## Can we use formula E=mv^2 to calculate the total energy?

$\lambda=\frac{h}{p}$

Yizhou Liu 3L
Posts: 19
Joined: Fri Sep 29, 2017 7:07 am

### Can we use formula E=mv^2 to calculate the total energy?

We know that E=pv and p=mv, which means total energy should equal to mv^2. In the photoelectric experiment, we also know that E=work function+(mv^2)/2. However, work function doesn't equal to (mv^2/2), which means this equation is wrong. Does anyone know where I get wrong? Thank you.

Curtis Tam 1J
Posts: 105
Joined: Thu Jul 13, 2017 3:00 am

### Re: Can we use formula E=mv^2 to calculate the total energy?

I think it could be used but if the "velocity" of the work function is not given (I haven't seen a problem that gives velocity as part of a work function) then maybe it's not valid. I also know that photons have no rest mass so I don't know what you would put for "m".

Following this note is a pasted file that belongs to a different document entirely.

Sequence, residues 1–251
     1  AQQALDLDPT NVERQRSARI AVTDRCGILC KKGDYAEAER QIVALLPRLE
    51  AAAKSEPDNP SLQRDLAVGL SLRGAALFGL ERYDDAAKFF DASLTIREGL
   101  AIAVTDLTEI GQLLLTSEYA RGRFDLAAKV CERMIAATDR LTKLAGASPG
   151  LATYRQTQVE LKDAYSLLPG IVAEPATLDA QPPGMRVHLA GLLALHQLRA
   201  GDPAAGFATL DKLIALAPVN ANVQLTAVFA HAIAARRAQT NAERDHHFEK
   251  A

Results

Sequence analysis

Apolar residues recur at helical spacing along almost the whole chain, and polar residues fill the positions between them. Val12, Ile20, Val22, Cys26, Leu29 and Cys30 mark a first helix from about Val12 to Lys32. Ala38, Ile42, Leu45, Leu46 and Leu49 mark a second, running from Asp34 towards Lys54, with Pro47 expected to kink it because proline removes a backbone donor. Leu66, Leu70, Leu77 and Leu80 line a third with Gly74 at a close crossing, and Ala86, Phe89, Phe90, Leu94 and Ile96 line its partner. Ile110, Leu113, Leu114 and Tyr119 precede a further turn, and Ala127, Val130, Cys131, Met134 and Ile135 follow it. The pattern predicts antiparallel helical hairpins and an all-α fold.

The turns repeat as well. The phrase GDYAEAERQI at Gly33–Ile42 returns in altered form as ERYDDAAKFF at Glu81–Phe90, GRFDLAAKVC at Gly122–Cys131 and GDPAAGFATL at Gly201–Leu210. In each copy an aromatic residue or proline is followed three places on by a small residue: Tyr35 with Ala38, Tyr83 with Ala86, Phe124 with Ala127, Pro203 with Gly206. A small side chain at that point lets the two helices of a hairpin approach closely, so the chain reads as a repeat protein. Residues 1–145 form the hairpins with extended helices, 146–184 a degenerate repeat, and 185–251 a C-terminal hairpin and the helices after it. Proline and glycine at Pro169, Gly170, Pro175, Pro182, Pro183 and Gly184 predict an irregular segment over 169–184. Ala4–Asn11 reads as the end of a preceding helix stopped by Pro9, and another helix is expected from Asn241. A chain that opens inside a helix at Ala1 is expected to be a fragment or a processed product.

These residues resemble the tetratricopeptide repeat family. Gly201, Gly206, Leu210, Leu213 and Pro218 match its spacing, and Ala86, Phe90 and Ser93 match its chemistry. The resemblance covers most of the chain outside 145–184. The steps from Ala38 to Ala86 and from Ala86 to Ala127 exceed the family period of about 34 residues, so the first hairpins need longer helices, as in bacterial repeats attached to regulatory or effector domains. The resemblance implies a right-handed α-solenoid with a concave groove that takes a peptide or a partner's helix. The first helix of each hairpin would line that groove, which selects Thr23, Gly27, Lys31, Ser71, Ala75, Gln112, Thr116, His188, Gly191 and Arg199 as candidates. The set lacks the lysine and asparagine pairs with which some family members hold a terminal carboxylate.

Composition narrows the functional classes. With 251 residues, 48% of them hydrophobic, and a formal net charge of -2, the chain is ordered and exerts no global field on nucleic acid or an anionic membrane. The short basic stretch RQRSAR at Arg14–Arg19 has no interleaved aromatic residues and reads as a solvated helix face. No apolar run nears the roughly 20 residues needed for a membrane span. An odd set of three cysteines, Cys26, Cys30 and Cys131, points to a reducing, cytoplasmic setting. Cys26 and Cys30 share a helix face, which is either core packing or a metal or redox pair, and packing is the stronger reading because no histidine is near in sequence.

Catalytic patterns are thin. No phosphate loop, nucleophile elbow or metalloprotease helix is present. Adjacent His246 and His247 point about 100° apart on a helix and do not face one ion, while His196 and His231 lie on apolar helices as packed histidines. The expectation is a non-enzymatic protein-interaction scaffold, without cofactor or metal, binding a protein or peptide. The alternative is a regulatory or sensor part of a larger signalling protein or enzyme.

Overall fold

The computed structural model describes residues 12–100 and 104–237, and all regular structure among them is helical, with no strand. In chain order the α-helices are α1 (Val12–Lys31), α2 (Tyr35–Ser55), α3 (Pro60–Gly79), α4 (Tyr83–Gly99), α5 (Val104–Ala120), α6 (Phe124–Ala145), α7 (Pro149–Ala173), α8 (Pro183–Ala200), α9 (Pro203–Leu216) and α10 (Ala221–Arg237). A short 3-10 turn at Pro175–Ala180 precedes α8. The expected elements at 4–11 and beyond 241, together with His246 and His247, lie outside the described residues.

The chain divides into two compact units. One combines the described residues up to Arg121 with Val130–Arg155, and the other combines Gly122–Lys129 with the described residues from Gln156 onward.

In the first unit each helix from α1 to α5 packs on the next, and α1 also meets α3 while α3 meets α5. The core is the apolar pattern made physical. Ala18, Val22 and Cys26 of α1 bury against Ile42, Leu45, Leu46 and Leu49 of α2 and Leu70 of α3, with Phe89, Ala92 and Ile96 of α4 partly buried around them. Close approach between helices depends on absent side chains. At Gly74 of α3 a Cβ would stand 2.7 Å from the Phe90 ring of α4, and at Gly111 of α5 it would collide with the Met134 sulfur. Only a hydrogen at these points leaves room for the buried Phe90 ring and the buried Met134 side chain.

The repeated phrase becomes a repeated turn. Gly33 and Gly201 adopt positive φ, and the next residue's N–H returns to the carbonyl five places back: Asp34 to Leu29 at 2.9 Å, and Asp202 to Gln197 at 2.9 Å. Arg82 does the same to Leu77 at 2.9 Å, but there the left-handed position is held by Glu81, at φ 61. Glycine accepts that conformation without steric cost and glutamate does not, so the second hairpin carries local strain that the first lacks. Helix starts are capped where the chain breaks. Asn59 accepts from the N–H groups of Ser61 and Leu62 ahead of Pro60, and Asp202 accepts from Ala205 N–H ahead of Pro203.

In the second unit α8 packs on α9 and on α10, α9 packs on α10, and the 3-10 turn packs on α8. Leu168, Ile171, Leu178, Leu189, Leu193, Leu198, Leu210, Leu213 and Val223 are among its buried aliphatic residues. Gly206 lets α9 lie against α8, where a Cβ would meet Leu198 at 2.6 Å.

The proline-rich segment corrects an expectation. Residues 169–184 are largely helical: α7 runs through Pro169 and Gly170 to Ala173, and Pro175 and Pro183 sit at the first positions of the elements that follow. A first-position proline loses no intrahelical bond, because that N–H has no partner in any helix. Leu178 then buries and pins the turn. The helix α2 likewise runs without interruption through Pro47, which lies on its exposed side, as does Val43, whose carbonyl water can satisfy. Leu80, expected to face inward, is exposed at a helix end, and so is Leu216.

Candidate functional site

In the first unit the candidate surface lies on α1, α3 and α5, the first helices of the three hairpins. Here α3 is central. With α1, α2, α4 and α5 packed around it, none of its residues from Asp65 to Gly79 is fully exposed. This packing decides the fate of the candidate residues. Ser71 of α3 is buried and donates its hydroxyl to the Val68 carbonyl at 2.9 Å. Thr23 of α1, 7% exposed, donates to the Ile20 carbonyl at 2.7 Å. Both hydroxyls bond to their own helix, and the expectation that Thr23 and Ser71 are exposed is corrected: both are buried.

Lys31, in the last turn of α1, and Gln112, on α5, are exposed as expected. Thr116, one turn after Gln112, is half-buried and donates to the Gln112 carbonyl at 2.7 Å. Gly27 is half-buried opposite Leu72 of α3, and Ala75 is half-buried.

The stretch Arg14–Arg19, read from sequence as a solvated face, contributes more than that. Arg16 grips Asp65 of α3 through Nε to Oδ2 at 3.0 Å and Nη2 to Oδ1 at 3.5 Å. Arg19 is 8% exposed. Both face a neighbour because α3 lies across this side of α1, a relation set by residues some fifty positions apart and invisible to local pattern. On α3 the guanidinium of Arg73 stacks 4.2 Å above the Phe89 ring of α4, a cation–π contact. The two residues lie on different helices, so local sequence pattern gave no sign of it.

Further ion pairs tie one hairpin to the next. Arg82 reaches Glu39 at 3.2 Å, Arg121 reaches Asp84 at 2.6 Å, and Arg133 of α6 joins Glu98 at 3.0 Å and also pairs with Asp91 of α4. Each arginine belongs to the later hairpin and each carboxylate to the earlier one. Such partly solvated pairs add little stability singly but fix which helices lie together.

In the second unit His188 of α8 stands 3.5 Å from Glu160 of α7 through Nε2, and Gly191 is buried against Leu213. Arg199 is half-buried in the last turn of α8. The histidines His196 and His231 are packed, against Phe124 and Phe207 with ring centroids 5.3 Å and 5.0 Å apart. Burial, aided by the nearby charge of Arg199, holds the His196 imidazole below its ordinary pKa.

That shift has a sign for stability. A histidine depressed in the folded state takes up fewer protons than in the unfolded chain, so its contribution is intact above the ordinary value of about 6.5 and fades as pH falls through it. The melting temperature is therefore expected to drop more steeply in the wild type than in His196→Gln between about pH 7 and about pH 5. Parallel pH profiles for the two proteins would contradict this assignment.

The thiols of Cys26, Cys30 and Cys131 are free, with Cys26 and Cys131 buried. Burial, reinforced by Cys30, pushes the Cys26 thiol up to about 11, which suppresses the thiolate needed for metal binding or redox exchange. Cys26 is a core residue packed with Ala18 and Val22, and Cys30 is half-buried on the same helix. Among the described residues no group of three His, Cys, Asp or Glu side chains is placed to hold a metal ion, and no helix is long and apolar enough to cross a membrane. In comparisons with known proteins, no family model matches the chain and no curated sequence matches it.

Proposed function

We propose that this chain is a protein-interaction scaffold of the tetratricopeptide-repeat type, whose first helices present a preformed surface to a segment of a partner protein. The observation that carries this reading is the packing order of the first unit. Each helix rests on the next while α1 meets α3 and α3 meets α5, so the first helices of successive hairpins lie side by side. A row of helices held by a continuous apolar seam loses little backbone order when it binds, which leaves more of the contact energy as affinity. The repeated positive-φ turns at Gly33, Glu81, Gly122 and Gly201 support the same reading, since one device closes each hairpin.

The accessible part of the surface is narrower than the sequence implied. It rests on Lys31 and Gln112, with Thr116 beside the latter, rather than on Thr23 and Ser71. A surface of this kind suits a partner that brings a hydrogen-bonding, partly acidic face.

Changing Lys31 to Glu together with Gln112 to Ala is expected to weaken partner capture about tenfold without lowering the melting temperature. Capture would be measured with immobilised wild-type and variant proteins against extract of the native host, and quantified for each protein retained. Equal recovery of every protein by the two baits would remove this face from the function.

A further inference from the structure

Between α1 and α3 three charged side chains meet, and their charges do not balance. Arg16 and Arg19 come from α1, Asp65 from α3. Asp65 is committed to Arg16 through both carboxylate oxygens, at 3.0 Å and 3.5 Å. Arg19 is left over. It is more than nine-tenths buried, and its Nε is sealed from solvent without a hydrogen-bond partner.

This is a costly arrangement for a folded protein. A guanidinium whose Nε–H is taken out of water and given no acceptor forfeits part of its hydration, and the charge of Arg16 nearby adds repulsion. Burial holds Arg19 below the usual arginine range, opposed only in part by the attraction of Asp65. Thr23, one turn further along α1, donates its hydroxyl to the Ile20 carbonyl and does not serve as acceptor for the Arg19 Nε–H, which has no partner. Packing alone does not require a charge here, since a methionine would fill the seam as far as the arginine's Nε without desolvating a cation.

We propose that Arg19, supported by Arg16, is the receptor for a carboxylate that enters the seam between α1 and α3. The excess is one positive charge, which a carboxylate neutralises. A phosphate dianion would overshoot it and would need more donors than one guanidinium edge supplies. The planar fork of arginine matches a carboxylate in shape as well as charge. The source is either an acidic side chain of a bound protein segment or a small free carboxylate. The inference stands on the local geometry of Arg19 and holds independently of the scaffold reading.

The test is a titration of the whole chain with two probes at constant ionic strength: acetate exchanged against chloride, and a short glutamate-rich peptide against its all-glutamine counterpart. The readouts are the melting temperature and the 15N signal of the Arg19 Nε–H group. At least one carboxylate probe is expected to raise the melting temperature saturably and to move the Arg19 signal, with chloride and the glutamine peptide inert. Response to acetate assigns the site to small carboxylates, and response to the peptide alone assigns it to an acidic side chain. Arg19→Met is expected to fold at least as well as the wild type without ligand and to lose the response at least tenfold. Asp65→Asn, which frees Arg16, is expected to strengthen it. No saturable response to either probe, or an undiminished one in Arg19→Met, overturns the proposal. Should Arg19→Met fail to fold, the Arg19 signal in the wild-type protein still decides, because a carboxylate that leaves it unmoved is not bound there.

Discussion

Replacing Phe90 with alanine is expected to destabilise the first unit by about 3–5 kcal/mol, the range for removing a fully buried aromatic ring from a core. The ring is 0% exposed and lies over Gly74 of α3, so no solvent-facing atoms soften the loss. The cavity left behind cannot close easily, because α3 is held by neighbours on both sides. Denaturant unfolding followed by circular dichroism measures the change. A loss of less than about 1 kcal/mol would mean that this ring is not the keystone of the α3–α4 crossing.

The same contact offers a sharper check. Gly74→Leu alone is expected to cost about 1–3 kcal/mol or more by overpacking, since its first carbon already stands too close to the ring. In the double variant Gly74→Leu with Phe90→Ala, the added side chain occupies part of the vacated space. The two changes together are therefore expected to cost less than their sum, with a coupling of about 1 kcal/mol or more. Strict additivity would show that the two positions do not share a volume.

Kevin Liu 3G
Posts: 28
Joined: Fri Sep 29, 2017 7:07 am

### Re: Can we use formula E=mv^2 to calculate the total energy?

I don't think that E and Ek are the same values so you can't exactly make the two equal. Ek is 1/2mv^2 whereas E is the energy needed to eject an electron. Also, for the questions relating Ek = E - work function most of the time Ek is 0 because the velocity is 0 meaning that the energy needed to eject an electron = work function.